You can spend hours (or in my case, days) playing around with filtering on a p2p lending statistics site like Lendstats.com (they have separate Lending Club loan filters and Prosper loan filters). You can slice and dice previous loan ROI data in many different ways, but there is one filter I recommend for everybody: Inquiries = 0. Inquiries means number of credit inquiries this person has undertaken in the last six months, it is recorded on a borrower’s credit report. I like to invest in someone who has not been shopping around in many places for more credit. I use other filters but this one seems to have the biggest impact on ROI based on previous loans. Of course, we need to state here that past performance is no guarantee of future returns. This filter may not produce superior returns in the future, but for past loans for both Prosper and Lending Club if you had chosen that filter and nothing else you would have increased your ROI considerably.
Read the Details of Each Loan
I think it is useful to spend some time reading the details of each loan. If nothing else this will give you a feel for the different kinds of borrowers on the platform. I tend to avoid someone who hasn’t bothered to give a good loan description (or any description) and if they have failed to answer investor questions then that is a red flag, too. You can always ask your own questions, keeping in mind of course, that people may not always tell the complete truth.
As a new investor you are probably all excited to get started and want to get all your money to work quickly. But if you have done the work of the other steps above you will likely only have a relatively small number of loans to choose from. For example, you might have $2,000 to invest and have narrowed your search down to 40 loans to invest in. So, you think you should just invest $50 in each loan. That is not what I would recommend. Stick with my diversification point above and stay with $25 per loan. Invest half your money now and then wait a week or two. There will be an entire new batch of loans on the platform then, and you can repeat the process. I know some investors who have repeated this process many times before all their money was invested.
Avoid Taxes if You Can
Interest earned on your investments at Lending Club and Prosper are taxed at the standard income tax rate, they do not get the favorable tax treatment of stock dividends. So, if you are in the 28% federal tax bracket then you will likely pay 28% in federal taxes on all of your interest income earned from p2p lending. You can avoid this tax burden completely by putting your investment in an IRA. Currently, Lending Club offers a no-fee IRA where all your interest can accrue tax free. You can open a Roth IRA or a traditional IRA and invest $5,000 per year (for people over 50 that number is $6,000 per year).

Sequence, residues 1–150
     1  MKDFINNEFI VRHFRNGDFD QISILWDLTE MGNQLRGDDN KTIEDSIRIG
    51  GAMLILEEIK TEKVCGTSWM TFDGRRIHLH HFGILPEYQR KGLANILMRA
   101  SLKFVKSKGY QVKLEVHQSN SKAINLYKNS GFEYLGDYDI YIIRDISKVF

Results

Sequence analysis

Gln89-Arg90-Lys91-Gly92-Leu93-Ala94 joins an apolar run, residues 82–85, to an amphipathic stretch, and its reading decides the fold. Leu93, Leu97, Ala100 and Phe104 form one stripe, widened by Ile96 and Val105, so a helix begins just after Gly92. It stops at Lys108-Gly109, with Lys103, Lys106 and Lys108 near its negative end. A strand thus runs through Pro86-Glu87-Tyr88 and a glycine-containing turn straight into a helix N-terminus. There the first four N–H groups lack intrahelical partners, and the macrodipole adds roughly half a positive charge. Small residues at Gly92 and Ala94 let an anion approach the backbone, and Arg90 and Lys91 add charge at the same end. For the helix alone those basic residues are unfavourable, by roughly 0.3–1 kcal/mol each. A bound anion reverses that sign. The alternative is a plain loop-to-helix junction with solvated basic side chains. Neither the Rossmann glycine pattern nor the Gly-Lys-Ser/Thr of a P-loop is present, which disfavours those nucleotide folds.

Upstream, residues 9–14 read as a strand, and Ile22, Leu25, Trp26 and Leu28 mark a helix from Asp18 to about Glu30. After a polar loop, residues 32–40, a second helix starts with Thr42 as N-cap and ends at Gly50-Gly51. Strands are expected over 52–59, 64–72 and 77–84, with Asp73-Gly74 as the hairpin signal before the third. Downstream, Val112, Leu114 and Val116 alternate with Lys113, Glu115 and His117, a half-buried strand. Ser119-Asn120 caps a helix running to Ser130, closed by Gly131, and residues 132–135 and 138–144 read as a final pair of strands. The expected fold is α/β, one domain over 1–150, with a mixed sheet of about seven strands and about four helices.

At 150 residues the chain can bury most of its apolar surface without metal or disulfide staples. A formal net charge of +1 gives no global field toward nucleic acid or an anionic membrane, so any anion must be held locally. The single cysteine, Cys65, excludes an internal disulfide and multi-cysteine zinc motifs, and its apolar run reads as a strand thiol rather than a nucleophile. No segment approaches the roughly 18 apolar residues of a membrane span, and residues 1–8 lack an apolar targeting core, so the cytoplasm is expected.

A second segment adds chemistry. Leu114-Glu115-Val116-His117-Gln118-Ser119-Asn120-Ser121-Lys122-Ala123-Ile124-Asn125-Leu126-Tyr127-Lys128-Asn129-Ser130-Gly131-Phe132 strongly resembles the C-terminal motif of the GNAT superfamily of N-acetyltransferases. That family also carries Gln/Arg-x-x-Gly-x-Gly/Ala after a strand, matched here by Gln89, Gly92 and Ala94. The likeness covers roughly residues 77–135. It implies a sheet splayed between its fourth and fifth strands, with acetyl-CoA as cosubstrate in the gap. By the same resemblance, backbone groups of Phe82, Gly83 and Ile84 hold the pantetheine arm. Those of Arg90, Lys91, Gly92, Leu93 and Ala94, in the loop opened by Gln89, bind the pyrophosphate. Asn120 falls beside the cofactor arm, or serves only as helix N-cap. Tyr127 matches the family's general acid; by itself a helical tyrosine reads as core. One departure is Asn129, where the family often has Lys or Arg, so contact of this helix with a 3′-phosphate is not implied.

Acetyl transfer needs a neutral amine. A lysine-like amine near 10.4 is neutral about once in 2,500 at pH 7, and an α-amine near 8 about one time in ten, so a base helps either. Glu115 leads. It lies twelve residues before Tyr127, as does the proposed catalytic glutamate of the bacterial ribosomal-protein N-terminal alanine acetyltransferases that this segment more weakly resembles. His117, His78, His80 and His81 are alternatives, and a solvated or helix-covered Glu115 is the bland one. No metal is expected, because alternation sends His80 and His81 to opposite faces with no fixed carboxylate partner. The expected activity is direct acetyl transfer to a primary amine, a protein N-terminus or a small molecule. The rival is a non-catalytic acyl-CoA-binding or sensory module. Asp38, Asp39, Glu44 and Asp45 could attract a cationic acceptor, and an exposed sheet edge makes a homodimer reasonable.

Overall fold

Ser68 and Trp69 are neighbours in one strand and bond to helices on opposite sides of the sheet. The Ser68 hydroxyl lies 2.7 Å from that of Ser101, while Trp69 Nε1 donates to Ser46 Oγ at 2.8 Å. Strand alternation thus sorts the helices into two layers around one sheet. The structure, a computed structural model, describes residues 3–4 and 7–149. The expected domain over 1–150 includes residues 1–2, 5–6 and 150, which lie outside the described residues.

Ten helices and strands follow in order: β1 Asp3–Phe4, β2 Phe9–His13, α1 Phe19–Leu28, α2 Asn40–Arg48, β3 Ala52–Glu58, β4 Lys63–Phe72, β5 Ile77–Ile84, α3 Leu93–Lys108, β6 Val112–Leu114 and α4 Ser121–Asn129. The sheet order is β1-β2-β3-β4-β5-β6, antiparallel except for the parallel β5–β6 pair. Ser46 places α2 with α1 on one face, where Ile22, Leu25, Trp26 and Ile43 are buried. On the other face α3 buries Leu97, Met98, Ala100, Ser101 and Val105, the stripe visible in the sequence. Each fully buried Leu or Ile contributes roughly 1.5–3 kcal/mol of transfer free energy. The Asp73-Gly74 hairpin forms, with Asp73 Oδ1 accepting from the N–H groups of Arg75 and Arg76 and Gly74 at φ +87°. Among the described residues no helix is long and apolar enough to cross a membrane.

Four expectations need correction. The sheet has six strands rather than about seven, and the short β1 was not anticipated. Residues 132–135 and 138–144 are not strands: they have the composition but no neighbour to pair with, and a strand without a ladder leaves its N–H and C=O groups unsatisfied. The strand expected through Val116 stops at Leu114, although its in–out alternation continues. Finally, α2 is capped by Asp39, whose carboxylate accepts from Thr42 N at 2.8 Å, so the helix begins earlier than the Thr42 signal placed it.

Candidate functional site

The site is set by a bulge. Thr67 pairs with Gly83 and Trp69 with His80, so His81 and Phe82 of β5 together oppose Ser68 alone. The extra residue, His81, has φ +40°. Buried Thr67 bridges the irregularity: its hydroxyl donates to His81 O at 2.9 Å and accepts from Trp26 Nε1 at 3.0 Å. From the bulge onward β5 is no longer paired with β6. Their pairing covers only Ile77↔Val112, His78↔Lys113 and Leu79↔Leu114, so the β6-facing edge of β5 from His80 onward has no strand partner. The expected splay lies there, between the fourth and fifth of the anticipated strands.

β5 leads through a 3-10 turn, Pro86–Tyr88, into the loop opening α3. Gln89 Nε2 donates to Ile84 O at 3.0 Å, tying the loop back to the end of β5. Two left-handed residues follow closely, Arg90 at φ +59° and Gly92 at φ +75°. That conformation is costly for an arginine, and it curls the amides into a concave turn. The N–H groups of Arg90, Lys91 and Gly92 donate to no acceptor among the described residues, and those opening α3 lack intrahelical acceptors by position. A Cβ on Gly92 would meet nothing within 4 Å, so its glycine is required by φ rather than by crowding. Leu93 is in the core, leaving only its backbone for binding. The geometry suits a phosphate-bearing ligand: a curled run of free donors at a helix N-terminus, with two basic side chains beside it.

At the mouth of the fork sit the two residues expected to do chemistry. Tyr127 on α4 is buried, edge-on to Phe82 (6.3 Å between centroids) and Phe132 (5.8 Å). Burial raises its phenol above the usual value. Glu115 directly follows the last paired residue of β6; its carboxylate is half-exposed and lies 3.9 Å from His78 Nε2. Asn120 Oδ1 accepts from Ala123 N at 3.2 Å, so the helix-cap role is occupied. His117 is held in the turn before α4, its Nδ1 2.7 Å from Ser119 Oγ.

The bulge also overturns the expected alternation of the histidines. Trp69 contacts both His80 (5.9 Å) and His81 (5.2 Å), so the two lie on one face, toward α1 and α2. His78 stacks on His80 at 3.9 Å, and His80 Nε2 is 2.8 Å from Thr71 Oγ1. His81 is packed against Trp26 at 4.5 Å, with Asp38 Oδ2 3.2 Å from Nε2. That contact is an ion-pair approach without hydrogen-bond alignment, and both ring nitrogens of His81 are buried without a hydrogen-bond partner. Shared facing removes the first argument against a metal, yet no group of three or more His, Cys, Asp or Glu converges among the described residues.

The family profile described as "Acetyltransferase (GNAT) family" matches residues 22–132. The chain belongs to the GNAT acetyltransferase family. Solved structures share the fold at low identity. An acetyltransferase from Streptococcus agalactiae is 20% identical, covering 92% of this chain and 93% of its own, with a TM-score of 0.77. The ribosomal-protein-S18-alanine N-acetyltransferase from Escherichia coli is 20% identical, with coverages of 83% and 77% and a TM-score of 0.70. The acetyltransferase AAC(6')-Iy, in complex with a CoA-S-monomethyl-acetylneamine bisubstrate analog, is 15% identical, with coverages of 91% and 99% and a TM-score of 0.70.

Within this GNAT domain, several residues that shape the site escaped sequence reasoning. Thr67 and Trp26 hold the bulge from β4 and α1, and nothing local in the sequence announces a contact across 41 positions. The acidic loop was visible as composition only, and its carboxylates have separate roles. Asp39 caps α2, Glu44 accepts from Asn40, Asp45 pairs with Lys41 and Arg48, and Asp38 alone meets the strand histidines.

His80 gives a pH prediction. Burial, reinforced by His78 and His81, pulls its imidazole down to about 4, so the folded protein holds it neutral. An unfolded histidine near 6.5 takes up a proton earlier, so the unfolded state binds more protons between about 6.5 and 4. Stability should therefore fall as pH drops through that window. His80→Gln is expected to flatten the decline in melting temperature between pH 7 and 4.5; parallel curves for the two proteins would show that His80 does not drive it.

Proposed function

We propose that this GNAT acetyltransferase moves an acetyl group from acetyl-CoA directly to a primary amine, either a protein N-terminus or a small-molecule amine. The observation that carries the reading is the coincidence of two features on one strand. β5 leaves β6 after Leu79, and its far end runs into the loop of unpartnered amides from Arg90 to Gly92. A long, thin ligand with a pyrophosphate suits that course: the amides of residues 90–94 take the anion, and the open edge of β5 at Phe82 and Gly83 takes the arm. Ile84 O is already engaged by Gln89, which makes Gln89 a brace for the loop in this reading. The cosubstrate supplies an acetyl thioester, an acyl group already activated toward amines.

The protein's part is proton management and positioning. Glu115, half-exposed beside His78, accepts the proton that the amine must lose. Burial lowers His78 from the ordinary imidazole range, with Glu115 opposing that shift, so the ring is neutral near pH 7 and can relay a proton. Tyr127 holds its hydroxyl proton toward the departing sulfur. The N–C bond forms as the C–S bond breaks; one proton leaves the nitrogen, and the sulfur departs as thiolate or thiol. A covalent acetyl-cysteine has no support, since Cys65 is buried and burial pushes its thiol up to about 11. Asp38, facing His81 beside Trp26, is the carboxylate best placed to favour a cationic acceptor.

So, those are the points I consider most important when getting started in p2p lending. New investors are coming on board every day at Lending Club and Prosper looking for the superior returns that can be obtained with peer to peer lending. While it certainly offers the potential of consistent double digit returns for shrewd investors, most investors are in fact earning less than 10%. Follow these steps above and you will likely be ahead of the vast majority of investors.
Now, I would like to open it up to others. These thoughts are just my opinions and observations gathered after almost two years as an investor. I know there are many long time peer to peer investors who read this blog, plenty with more experience than me. What else would you say to the newbie investor? Please provide your feedback below. Thank you.
Peter Renton is the chairman and co-founder of LendIt Fintech, the world’s first and largest digital media and events company focused on fintech. Peter has been writing about fintech since 2010 and he is the author and creator of the Fintech One-on-One Podcast, the first and longest-running fintech interview series. Peter has been interviewed by the Wall Street Journal, Bloomberg, The New York Times, CNBC, CNN, Fortune, NPR, Fox Business News, the Financial Times, and dozens of other publications.